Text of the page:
corn

Abby Wendle / Harvest Public Media

Driving down a two-lane highway in rural Missouri, Matt Plenge squinted at a patch of gray clouds hanging low over his farm fields in the distance.

“Does it look hazy up there?” he asked. “We only had a 20 percent chance today. We shouldn't get any rain.”


Under the Microscope: Record-Breaking Spring Storms could be the New Normal

Jul 2, 2015
Abby Wendle / Harvest Public Media

 Driving down a two-lane highway in rural Missouri, Matt Plenge squinted at a patch of gray clouds hanging low over his farm fields in the distance.

“Does it look hazy up there?” he asked. “We only had a 20 percent chance today. We shouldn't get any rain.”

Plenge, like most farmers, always keeps one eye on the weather. But this spring, it’s been his primary and constant concern.

 


BerntRostad / Flickr

  Missouri farmers averaged less than a day of fieldwork last week because of above-average rainfall that has caused corn and soybean planting to lag behind.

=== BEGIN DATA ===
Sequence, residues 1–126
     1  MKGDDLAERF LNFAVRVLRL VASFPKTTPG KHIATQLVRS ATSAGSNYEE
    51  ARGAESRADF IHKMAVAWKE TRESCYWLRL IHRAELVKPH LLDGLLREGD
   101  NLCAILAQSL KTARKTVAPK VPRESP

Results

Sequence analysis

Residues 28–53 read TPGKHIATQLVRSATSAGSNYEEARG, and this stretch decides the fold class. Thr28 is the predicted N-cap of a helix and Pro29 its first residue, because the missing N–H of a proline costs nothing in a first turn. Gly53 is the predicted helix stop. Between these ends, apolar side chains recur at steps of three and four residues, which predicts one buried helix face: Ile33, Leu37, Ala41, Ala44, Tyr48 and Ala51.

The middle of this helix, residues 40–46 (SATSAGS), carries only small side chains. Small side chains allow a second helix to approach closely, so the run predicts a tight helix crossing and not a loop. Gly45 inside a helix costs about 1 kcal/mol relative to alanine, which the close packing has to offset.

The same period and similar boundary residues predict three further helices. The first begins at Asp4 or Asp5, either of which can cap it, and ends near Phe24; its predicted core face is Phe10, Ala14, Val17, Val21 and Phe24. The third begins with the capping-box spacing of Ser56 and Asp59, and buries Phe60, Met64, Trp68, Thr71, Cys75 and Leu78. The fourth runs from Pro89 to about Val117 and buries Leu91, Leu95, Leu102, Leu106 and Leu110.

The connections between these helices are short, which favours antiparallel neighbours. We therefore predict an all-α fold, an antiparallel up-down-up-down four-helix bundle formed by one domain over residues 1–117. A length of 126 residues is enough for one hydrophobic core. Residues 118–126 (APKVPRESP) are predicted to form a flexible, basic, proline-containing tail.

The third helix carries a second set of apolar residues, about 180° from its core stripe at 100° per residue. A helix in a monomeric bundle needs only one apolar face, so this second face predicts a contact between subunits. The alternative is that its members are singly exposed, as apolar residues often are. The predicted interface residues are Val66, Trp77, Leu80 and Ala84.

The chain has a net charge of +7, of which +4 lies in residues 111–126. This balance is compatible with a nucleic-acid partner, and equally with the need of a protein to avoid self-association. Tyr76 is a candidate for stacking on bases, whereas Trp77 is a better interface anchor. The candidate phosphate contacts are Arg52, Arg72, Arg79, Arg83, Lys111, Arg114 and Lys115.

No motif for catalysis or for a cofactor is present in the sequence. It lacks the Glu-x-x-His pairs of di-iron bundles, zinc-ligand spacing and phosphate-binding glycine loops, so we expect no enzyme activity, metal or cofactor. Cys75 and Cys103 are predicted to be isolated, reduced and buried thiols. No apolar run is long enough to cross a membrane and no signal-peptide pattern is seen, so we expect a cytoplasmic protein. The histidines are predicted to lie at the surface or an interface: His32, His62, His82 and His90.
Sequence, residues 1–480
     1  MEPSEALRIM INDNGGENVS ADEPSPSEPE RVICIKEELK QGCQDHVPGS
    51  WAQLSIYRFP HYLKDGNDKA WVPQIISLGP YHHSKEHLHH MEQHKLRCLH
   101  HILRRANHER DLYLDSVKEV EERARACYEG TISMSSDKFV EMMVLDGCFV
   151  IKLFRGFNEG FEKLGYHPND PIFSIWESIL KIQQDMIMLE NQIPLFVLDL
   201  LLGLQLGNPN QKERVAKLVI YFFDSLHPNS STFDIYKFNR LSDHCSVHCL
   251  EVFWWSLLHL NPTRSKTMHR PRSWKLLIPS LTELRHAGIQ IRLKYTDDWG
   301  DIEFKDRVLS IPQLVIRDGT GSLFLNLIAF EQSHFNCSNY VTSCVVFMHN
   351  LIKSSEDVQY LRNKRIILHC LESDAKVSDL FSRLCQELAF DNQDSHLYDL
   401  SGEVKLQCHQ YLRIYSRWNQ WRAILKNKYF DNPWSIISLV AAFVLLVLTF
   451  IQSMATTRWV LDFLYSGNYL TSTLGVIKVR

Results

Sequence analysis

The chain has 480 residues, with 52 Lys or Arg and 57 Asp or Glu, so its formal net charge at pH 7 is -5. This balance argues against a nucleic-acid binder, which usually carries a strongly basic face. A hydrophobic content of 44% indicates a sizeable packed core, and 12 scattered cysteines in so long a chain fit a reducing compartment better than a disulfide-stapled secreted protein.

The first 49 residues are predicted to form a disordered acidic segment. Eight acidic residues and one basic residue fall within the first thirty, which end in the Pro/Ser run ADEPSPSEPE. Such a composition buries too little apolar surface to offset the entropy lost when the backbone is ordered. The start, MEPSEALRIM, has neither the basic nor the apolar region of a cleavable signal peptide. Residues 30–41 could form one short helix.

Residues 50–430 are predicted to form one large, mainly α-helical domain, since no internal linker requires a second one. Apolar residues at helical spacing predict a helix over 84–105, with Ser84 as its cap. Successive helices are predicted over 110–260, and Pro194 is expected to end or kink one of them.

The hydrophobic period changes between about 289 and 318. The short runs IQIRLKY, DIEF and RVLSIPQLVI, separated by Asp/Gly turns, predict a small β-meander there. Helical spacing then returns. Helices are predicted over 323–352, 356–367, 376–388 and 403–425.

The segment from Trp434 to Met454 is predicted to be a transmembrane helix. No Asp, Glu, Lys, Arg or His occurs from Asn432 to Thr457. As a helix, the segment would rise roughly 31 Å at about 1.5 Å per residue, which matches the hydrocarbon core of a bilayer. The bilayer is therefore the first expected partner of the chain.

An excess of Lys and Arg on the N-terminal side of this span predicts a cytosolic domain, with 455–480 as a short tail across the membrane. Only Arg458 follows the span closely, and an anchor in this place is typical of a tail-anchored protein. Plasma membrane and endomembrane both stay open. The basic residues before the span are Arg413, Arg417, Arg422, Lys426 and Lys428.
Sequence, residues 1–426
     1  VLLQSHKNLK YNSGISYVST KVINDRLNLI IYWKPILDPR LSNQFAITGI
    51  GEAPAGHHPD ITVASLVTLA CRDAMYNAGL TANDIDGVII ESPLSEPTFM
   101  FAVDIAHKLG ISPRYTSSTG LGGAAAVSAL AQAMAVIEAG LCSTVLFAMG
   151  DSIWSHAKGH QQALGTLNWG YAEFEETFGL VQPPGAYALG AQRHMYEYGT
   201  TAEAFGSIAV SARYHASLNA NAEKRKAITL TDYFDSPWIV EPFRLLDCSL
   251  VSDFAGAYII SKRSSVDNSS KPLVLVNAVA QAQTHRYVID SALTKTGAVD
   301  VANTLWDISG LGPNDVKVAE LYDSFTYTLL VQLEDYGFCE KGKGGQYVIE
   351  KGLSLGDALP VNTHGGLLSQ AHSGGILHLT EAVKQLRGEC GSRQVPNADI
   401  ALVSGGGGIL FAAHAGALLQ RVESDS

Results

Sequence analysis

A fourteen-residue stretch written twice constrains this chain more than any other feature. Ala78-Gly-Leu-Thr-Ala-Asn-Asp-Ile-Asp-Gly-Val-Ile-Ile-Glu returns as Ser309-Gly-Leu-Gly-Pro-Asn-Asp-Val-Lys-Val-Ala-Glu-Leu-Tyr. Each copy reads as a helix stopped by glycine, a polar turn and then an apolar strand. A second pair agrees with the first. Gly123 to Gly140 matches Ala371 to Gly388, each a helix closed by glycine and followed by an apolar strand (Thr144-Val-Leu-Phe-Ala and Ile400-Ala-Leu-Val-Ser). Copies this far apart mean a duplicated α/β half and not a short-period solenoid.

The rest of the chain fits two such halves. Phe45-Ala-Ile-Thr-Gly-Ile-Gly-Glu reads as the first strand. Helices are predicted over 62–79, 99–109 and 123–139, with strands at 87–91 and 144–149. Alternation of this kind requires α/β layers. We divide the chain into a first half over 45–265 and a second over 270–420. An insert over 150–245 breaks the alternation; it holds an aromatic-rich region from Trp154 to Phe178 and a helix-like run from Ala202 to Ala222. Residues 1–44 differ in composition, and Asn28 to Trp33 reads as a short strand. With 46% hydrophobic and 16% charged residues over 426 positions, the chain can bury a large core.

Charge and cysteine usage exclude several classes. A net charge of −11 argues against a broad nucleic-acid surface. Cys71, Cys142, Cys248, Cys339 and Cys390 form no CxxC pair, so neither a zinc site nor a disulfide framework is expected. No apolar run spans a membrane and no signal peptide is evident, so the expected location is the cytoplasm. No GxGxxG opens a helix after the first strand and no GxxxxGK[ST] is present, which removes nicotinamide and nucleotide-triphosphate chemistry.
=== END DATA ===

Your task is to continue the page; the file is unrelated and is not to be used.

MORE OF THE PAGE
Amy Mayer

It’s planting time for Midwest farmers and much of the corn they grow will end up feeding livestock in China, which has become a huge importer of grain from the Corn Belt. That means the farmers can’t just select seeds based on which ones will get the best yield. They have to think about where their grain will be sold.

China has its own rules for the kind of crops it wants and when American farmers don’t comply, China can close off its market.

In 2013, China discovered in U.S. corn a genetically engineered trait that, although permitted in the U.S., had not yet been approved in China. Chinese regulators rejected American corn because some of it contained the trait.

“When you hear China has banned all US corn,” said Ward Graham, a farmer in South-Central Iowa, “a person in my position? That’s not good.”


CraneStation / Flickr

  On this week's Under the Microscope, scientists have noticed a change in the atmosphere.

cornfield
bionicteaching / Flickr